In more severe cases of NMS, empiric pharmacologic therapy is typically tried. The two most frequently used medications are bromocriptine mesylate, a dopamine agonist, and dantrolene sodium, a muscle relaxant that works by inhibiting calcium release from the sarcoplasmic reticulum. Anecdotal reports and meta-analyses suggest these agents may shorten the course of the syndrome and possibly reduce mortality when used alone or in combination.58,59 Bromocriptine is given to reverse the hypodopaminergic state and is administered orally (or via nasogastric tube), starting with 2.5 mg 2 or 3 times daily and increasing doses by 2.5 mg every 24 hours until a response or until reaching a maximum dose of 45 mg/d.13,34,58,59 Dantrolene can be administered intravenously starting with an initial bolus dose of 1 to 2.5 mg/kg followed by 1 mg/kg every 6 hours up to a maximum dose of 10 mg/kg/d.13,34,58,59 Oral dantrolene is used in less severe cases or to taper down from the intravenous form after a few days with doses that range from 50 to 200 mg/d. Due to a risk of hepatoxicity, dantrolene is typically discontinued once symptoms begin to resolve. Bromocriptine, however, is generally maintained for at least 10 days for NMS related to oral neuroleptics and 2 to 3 weeks for depot neuroleptics.

Other dopaminergic agents besides bromocriptine have been used including amantadine hydrochloride,60 levodopa,61 and apomorphine.62 Additional pharmacologic agents that may have some utility in treating NMS are benzodiazepines,63 which can be helpful in controlling agitation but may also ameliorate symptoms and hasten recovery in milder cases, carbamezapine,64 and clonidine.65 In cases that do not respond to standard medical care, electroconvulsive therapy has been reported to improve some of the symptoms of NMS and may be effective.66,67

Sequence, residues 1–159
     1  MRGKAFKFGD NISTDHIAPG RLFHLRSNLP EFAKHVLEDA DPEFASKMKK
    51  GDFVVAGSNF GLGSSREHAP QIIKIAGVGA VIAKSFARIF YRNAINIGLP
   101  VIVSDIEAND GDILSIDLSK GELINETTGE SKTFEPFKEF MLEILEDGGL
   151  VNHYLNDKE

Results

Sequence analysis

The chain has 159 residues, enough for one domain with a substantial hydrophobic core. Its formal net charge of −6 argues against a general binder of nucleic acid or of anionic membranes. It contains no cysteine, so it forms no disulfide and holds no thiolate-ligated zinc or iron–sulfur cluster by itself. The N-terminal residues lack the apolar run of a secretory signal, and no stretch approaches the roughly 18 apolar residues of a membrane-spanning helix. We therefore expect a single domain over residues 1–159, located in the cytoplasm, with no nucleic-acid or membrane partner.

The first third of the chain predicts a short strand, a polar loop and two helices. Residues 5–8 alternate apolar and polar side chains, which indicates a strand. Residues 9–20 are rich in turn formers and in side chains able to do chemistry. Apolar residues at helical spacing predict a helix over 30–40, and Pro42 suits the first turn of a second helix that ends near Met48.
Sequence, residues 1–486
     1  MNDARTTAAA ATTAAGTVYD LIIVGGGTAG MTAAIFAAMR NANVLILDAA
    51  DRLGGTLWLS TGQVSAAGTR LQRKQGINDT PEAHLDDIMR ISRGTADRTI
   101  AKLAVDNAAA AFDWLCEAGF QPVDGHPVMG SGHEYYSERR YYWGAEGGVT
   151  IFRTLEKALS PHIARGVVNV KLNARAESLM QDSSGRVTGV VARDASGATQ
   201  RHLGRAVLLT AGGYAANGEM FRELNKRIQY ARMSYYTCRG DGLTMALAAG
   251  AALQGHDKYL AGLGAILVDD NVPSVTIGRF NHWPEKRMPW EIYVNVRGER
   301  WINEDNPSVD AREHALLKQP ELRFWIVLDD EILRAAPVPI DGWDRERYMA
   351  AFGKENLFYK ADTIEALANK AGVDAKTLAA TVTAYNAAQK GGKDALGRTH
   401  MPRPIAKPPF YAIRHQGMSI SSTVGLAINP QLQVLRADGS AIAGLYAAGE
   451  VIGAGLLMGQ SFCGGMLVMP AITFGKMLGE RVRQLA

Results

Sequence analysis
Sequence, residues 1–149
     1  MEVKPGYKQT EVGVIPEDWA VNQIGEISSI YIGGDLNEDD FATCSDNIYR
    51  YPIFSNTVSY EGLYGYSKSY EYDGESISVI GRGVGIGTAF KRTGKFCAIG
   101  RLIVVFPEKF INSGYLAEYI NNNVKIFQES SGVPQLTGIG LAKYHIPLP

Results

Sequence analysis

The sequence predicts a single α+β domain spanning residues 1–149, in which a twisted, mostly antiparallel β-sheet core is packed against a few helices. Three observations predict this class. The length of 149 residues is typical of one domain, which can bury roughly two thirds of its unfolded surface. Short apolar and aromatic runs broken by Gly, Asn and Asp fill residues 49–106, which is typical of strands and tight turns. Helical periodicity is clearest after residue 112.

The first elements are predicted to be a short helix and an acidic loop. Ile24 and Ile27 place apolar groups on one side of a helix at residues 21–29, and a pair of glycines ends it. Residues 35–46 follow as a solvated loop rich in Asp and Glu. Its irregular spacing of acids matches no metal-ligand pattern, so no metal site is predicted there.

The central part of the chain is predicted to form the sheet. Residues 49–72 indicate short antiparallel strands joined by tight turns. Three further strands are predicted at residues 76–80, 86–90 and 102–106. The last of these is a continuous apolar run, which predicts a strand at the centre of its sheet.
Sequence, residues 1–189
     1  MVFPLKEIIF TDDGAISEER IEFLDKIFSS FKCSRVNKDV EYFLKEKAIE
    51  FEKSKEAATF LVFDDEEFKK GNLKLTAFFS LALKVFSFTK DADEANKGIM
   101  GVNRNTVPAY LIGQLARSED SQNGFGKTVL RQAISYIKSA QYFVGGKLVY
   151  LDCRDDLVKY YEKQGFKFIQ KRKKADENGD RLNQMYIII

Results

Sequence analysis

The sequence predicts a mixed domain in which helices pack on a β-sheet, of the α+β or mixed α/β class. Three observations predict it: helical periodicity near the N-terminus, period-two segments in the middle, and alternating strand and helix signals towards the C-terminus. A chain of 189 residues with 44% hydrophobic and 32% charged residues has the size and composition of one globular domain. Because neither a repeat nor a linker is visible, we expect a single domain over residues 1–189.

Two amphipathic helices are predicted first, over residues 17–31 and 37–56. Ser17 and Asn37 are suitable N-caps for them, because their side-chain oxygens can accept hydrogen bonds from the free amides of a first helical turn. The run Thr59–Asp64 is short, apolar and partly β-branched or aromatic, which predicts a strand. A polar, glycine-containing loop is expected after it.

Recurrences of NMS do occur, especially when a patient is restarted on a neuroleptic with high potency or too quickly after their initial episode.12,68,69 Most patients who require continued antipsychotic treatment, though, are able to have a neuroleptic safely reintroduced with proper precautions including very slow titration and careful monitoring after a waiting period of about 2 weeks for an oral neuroleptic and at least 6 weeks for a depot form.14,70 Although NMS is considered an idiosyncratic reaction, it is generally felt to be prudent to use a different neuroleptic than the one that was originally associated with the development of the syndrome.12,13,71


Prognosis

Initial reports of mortality rates from NMS were over 30%, but increased physician awareness and introduction of newer neuroleptic medications over the last few decades have helped reduce them to closer to 10%.71 When recognized early and treated aggressively, NMS is usually not fatal and a majority of patients will recover completely between 2 and 14 days.3,7 But if diagnosis and treatment are delayed, resolution can require several weeks or longer, and surviving patients may have residual catatonia or parkinsonism, or significant morbidity secondary to renal or cardiopulmonary complications.10,13,34 When death does occur, it is usually attributable to arrhythmias, DIC, or cardiovascular, respiratory, or renal failure. Thus, early recognition and initiation of therapeutic measures by physicians remain paramount to reducing the number of severe cases of NMS and limiting this significant source of morbidity and mortality among patients receiving antipsychotics.